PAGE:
Natalia Brichuk: The Ground

8272 Melrose avenue, Los Angeles, 90046
Nov 11, 2 PM - 4 PM — ends Dec 01, 2023
The Korshun Art Project is pleased to present its inaugural show “The Ground” by Ukrainian artist Natalia Brichuk.

In the heart of Ukraine, where cultural shadows cast by Russification linger, emerges the luminous artistry of Natalia Brichuk. Anchored deeply in Ukrainian heritage, her journey since 2016 has unfolded a tapestry of ethereal lightness, unexpected nuances, and audacious strokes. With each brushstroke, Natalia seamlessly weaves folk motifs into abstract masterpieces, echoing a tale of resilience amidst the erosion of collective memory. Natalia Brichuk's canvas tells a story that resonates with many — a narrative of seeking inner solidity amidst the world being in turmoil. "Ц1 роботи присвячен1 моїй внутр1шн1й опор1," she says, meaning, "These works are dedicated to my inner resistance.”

Growing up, Natalia's familial surroundings were dominated by an adulation for Russian intellect and artistry, overshadowing the rich Ukrainian traditions she yearned to connect with. Her father, mirroring the sentiment of the times, lamented that Ukraine had not borne a notable intellectual. This sentiment echoed louder when she confided, "ти1 все р1вно в1дчуваєш себе чужер1дно з тим з чим, здавалось, ти1 повинен мати контакт з дитинства. немає опори в с1мї. Н1яких1 традиц1й, н1яких с1мейних 1стор1й, н1чого сп1льного, ти завжди окремо, ти не в1дчуваєш близькост1. Ти не памʼятаєш себе." This encapsulates the feeling of alienation from what one believes they should inherently know from childhood — a lack of familial support, an absence of traditions and shared histories, a perpetual sense of being separate and an overwhelming feeling of distance.

Symbolic female figures emerged on the canvases are capturing her yearning to reconnect with roots and unearth silenced memories. Those figures in her work, emblematic of her own journey, personify the collective longing of many — a desire to reclaim histories, trace roots, bring obscured truths to light, and most importantly to find inner love and acceptance in this unstable world. However, there's an additional layer to this tale, making it even more personal one. It's a story of resilience amid wartime instability.

These heroes depicted in Natalia's art symbolize her own delicate world, one that could crumble at any moment. Figures she depicts in this series of works are not mere fragments of imagination but recurring presences in her daily life. They signify a familiar continuity, something she clings to when the ground beneath feels unsteady, especially while living in a war-torn reality.

As she poetically notes, when life seems to crumble, the routines and familiarities we often take for granted become our pillars, our sanctuaries. In those moments of overwhelming weight, even a simple act, like buying flowers from ladies selling it by the supermarket “Era" for decades or picking up fresh pears and homemade tomatoes, or seeing and interacting with other characters like the elderly man with the inverted Ukrainian flag, who remains unchanged for decades, riding the bike decorated with the Ukrainian flag proudly inverted—a deliberate statement of defiance. Whenever he boards the train, he passionately shouts, "Chase away the wolves," symbolizing a call to challenge and urge to remove the current authorities. Another man seated near the "Slovo" bookstore, a constant in the city center, selling blown-glass toys. A recent interaction led to the purchase of two of his crafted items: a rabbit and a horse, with the added connection of his Viber contact for updates or a man - basket- seller, whose voice, though not pitch-perfect, harmonizes with the nostalgic tune of “Green leaves, white chestnuts,” old folk song cherishing hardship of female life.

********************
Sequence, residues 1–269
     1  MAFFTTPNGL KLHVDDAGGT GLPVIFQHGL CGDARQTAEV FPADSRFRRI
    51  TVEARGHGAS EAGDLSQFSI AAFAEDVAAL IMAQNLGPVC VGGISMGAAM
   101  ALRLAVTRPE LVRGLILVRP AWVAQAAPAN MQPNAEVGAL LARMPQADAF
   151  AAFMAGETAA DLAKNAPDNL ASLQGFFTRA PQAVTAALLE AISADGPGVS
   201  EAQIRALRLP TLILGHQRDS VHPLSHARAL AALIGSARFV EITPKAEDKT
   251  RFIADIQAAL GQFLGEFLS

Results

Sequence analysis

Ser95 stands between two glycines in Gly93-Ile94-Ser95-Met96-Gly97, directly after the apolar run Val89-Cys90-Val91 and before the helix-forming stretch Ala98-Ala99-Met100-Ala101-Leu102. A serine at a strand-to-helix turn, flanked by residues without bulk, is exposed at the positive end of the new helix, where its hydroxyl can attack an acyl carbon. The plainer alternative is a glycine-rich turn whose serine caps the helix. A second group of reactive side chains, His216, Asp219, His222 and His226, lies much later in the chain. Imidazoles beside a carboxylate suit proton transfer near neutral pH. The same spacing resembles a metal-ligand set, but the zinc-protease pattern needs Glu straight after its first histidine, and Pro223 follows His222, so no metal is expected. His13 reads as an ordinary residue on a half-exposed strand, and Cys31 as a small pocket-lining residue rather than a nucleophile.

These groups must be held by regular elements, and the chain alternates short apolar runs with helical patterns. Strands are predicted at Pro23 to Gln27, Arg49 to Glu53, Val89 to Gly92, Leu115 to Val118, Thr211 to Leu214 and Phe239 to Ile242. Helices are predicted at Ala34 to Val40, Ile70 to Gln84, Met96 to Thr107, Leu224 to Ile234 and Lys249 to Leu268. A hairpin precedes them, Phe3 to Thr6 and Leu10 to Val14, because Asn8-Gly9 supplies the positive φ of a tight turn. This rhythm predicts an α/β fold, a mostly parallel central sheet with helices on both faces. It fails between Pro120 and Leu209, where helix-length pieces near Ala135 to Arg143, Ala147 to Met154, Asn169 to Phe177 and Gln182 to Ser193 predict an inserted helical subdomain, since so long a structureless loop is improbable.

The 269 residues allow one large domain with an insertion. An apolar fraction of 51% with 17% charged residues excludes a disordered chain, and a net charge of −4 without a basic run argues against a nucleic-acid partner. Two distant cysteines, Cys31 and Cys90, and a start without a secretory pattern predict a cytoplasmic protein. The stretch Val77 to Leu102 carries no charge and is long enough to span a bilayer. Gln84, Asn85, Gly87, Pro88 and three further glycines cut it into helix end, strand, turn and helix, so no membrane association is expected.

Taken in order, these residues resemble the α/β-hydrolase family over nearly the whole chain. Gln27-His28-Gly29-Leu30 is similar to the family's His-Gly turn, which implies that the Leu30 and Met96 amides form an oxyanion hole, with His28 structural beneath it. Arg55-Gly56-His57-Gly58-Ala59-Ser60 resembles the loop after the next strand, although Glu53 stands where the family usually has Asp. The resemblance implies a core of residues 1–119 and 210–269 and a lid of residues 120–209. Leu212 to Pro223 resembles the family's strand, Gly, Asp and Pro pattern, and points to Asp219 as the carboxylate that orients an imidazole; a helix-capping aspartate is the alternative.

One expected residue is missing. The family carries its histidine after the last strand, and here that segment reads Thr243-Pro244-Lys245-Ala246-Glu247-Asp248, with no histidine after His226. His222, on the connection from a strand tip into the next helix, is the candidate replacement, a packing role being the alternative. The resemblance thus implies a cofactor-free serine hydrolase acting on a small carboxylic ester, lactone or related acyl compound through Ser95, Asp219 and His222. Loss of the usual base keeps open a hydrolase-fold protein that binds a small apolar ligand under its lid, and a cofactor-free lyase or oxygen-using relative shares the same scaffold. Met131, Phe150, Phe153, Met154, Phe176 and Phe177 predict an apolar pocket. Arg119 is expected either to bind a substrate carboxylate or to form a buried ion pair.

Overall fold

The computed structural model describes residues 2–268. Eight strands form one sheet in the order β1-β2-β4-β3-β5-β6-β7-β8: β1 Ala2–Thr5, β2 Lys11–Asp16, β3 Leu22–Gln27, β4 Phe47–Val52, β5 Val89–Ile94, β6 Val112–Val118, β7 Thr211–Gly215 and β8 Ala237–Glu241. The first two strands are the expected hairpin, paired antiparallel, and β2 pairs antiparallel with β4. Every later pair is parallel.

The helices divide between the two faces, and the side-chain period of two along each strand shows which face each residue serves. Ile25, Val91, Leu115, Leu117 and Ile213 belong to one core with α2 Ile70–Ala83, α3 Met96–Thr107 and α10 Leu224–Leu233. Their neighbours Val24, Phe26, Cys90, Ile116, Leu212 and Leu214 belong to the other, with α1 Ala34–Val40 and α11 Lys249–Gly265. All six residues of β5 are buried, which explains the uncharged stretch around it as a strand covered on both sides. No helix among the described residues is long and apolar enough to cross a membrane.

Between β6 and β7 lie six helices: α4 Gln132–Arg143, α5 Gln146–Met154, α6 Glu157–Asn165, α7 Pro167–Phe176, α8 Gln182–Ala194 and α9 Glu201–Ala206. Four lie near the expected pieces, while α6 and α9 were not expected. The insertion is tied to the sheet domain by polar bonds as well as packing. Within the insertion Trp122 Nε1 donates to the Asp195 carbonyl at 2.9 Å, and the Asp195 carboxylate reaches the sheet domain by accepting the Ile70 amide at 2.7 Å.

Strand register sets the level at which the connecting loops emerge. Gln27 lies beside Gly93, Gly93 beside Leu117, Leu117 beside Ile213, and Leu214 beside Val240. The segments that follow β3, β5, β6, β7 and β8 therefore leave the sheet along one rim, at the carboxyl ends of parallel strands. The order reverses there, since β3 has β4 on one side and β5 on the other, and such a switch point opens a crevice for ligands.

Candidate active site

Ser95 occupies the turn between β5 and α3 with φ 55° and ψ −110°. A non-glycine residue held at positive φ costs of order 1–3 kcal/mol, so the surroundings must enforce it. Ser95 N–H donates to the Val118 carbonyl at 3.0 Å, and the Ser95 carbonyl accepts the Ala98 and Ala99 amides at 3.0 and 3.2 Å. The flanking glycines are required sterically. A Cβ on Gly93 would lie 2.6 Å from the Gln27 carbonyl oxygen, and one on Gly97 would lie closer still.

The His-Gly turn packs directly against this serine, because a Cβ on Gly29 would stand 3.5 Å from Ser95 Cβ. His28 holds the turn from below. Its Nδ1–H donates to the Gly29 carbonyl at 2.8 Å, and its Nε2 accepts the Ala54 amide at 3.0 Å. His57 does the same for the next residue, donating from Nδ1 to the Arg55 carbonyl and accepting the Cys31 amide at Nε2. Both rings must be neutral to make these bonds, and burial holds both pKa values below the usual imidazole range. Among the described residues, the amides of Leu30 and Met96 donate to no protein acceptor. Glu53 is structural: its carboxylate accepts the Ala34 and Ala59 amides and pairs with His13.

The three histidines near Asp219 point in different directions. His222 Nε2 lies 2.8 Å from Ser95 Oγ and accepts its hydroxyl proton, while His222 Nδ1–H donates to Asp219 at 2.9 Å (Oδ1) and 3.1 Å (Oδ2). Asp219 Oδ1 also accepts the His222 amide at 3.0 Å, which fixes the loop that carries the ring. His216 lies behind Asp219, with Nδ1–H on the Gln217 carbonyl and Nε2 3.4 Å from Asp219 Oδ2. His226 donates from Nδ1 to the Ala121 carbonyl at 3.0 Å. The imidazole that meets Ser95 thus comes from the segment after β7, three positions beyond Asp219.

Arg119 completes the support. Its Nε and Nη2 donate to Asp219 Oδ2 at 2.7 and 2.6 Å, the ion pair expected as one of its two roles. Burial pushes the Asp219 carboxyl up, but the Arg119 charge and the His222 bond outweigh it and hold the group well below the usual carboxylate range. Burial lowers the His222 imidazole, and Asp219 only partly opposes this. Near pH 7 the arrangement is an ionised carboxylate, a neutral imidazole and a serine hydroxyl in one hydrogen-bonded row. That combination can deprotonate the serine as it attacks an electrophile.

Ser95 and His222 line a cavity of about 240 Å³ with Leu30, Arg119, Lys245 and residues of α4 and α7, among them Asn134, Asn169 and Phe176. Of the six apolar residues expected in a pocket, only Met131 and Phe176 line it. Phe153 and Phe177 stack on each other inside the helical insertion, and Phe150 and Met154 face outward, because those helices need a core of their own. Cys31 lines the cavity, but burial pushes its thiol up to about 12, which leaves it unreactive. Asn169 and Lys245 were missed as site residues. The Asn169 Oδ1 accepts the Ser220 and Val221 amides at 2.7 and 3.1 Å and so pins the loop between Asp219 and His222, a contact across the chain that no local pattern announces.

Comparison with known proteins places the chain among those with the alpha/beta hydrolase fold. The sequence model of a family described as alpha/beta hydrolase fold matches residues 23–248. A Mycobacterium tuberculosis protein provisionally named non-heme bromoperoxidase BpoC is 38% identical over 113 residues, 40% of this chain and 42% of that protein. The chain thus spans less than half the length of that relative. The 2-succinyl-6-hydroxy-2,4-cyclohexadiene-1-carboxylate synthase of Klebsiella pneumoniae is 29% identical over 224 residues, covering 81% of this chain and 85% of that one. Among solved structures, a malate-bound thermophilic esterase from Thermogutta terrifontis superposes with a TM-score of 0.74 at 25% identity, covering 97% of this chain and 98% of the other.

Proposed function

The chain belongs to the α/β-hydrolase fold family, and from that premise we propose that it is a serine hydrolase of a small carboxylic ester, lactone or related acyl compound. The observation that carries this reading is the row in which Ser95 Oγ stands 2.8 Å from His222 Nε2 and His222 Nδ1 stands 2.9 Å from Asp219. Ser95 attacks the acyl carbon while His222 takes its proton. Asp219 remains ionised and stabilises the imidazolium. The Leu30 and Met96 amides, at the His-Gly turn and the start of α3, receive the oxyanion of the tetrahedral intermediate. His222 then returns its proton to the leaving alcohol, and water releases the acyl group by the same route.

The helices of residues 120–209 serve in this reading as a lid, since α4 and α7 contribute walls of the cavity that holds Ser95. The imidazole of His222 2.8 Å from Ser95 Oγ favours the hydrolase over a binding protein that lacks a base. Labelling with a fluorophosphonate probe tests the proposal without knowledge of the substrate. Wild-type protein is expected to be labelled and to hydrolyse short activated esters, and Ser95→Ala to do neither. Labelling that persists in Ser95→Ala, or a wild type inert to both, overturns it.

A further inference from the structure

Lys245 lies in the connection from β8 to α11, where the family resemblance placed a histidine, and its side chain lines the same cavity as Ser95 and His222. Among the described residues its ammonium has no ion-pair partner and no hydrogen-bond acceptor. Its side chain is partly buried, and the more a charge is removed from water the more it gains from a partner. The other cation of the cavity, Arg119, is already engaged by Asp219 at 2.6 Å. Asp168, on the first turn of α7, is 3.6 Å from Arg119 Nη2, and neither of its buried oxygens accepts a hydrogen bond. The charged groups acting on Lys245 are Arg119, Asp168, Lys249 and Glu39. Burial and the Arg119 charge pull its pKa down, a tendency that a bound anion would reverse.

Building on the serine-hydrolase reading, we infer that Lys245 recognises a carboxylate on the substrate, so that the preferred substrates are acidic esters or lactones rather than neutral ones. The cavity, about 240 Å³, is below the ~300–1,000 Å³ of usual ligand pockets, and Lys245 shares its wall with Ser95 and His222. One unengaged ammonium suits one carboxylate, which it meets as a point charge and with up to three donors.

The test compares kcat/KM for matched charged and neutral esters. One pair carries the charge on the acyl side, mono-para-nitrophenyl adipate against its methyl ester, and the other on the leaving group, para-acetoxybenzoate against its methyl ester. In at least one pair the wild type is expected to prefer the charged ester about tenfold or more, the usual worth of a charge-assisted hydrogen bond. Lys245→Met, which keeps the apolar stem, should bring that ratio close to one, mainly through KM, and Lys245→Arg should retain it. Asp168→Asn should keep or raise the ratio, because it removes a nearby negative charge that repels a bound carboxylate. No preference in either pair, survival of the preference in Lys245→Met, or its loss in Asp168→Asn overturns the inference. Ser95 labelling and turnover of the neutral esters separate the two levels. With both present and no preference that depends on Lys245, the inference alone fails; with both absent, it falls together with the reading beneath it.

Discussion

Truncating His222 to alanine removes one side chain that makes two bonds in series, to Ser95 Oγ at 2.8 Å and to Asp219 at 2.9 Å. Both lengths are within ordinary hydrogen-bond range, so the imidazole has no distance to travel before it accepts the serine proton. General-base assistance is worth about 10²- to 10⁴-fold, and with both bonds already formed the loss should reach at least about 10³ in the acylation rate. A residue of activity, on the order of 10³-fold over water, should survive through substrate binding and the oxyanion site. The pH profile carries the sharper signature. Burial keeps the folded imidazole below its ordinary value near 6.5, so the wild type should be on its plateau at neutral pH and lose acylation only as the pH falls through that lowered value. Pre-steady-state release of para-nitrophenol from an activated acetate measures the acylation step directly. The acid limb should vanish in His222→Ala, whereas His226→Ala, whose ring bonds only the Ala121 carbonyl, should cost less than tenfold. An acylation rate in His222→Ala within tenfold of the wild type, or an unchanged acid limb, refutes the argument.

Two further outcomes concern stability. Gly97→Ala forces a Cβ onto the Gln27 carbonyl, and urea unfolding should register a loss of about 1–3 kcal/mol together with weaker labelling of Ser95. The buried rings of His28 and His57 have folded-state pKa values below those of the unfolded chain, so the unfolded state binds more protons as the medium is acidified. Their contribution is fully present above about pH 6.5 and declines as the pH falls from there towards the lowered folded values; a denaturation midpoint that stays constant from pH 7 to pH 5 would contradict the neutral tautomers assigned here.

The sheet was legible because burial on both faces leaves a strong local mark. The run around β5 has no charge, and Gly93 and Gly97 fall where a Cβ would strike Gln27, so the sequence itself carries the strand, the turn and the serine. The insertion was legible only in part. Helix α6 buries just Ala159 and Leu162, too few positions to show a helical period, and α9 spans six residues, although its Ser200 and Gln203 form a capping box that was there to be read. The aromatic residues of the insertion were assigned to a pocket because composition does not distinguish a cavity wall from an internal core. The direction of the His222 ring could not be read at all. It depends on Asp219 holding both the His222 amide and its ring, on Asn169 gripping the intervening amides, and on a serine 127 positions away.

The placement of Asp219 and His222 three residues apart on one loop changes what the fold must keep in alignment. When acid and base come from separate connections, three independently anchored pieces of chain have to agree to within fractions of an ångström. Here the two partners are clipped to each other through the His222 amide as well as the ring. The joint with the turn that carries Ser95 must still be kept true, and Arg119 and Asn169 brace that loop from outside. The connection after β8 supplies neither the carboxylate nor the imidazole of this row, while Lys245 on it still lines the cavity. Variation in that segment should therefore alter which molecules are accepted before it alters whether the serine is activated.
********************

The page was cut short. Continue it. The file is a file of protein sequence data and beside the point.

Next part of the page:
Witnessing theirs daily presence and interacting with them becomes an act of grounding oneself, a gesture of finding solace. These heroes of her homeland, symbols of her delicate world that stands strong amidst adversity became her anchors— representing routines that signify hope and stability.

Yet, her canvases do more than just sing Ukraine's tales; they resonate with America's socio-cultural heartbeat, mirroring its struggles with identity and the erasure of marginalized narratives. In a land where the dominant stories often overshadow the rich diversity of Indigenous cultures and immigrant voices, where the 'American Dream' glosses over systemic barriers and the 'Melting Pot' sometimes blurs genuine multicultural appreciation, Natasha's artistry pushes forth. Her work challenges these prevailing tales, urging a collective awakening, a re-imagination, and a deep dive into obscured truths.

This exhibition beckons you to delve into intertwined tales of an artist's exploration and a nation's undying spirit. As Natalia's stories find solace in the characters of Rivne, may the diverse tales of America find their anchor in her art. Witness a journey of collective rediscovery, and let the unwavering resilience of Ukraine illuminate a path to a brighter, hopeful tomorrow. Join us, for in the confluence of these narratives lies the enduring spirit of cultures, waiting to be celebrated.

Natalia's artistry is thus a powerful commentary — an exploration of personal identity, the ache of cultural displacement, and the resilience of spirit, channeled through familiar routines and characters that provide solace in tumultuous times.